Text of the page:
Evolutionary scenarios for the origin of an Antarctic tardigrade species based on molecular clock analyses and biogeographic data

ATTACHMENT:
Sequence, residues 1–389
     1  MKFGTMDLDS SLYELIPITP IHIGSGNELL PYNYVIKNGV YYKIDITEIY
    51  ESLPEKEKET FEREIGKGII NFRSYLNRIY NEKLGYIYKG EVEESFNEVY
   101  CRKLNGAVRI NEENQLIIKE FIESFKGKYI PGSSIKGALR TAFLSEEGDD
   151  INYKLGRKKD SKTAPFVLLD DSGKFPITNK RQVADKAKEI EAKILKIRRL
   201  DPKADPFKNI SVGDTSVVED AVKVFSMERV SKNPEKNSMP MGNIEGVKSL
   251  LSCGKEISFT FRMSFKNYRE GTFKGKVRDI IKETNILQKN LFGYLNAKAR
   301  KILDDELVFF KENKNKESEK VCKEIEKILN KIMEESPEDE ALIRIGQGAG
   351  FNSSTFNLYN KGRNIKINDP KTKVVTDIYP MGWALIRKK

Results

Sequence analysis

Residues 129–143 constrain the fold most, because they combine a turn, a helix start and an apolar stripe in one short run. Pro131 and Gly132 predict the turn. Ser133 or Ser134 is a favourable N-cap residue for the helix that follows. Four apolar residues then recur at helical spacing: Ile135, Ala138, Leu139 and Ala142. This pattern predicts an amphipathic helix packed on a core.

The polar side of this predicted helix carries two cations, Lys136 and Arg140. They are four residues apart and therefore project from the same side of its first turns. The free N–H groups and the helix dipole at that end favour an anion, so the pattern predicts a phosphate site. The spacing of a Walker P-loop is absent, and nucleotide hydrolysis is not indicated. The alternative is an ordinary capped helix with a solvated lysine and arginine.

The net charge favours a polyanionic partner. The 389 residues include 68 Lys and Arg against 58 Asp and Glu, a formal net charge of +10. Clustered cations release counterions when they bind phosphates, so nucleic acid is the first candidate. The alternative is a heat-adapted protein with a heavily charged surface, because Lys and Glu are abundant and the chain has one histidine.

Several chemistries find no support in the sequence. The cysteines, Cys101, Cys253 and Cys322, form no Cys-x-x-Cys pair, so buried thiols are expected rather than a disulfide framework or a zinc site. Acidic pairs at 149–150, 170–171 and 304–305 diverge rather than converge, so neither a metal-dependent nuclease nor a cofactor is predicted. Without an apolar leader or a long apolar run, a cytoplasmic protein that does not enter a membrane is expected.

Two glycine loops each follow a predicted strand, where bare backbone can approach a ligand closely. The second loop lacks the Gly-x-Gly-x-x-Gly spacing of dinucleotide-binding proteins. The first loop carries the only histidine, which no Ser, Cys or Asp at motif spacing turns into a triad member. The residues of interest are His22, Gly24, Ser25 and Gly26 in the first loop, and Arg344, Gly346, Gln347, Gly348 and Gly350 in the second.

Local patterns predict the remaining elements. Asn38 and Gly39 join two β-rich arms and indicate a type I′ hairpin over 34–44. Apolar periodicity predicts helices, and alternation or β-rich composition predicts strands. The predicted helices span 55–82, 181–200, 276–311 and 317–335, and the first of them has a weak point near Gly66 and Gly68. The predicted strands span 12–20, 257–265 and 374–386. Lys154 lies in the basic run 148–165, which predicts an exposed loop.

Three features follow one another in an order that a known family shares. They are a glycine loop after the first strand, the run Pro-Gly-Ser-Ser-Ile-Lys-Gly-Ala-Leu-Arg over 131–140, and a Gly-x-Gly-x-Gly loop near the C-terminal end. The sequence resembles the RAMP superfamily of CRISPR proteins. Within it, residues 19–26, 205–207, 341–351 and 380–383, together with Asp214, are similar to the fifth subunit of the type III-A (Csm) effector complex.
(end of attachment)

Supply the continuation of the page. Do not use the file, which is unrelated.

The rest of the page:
The origin of the Antarctic continental extant fauna is a highly debated topic, complicated by the paucity of organisms for which we have clear biogeographic distributions and understanding of their evolutionary timescale. To shed new light on this topic, we coupled molecular clock analyses with biogeographic studies on the heterotardigrade genus Mopsechiniscus. This taxon includes species with endemic distributions in Antarctica and other regions of the southern hemisphere. Molecular dating using different models and calibration priors retrieved similar divergence time for the split between the Antarctic and South American Mopsechiniscus lineages (32–48 Mya) and the estimated age of the Drake Passage opening that led to the separation of Antarctica and South America. Our divergence estimates are congruent with other independent studies in dating Gondwanan geological events. Although different analyses retrieved similar results for the internal relationships within the Heterotardigrada, our results indicated that the molecular dating of tardigrades using genes coding for ribosomal RNA (18S and 28S rDNA) is a complex task, revealed by a very wide range of posterior density and a relative difficulty in discriminating between competing models. Overall, our study indicates that Mopsechiniscus is an ancient genus with a clear Gondwanan distribution, in which speciation was probably directed by a co-occurrence of vicariance and glacial events.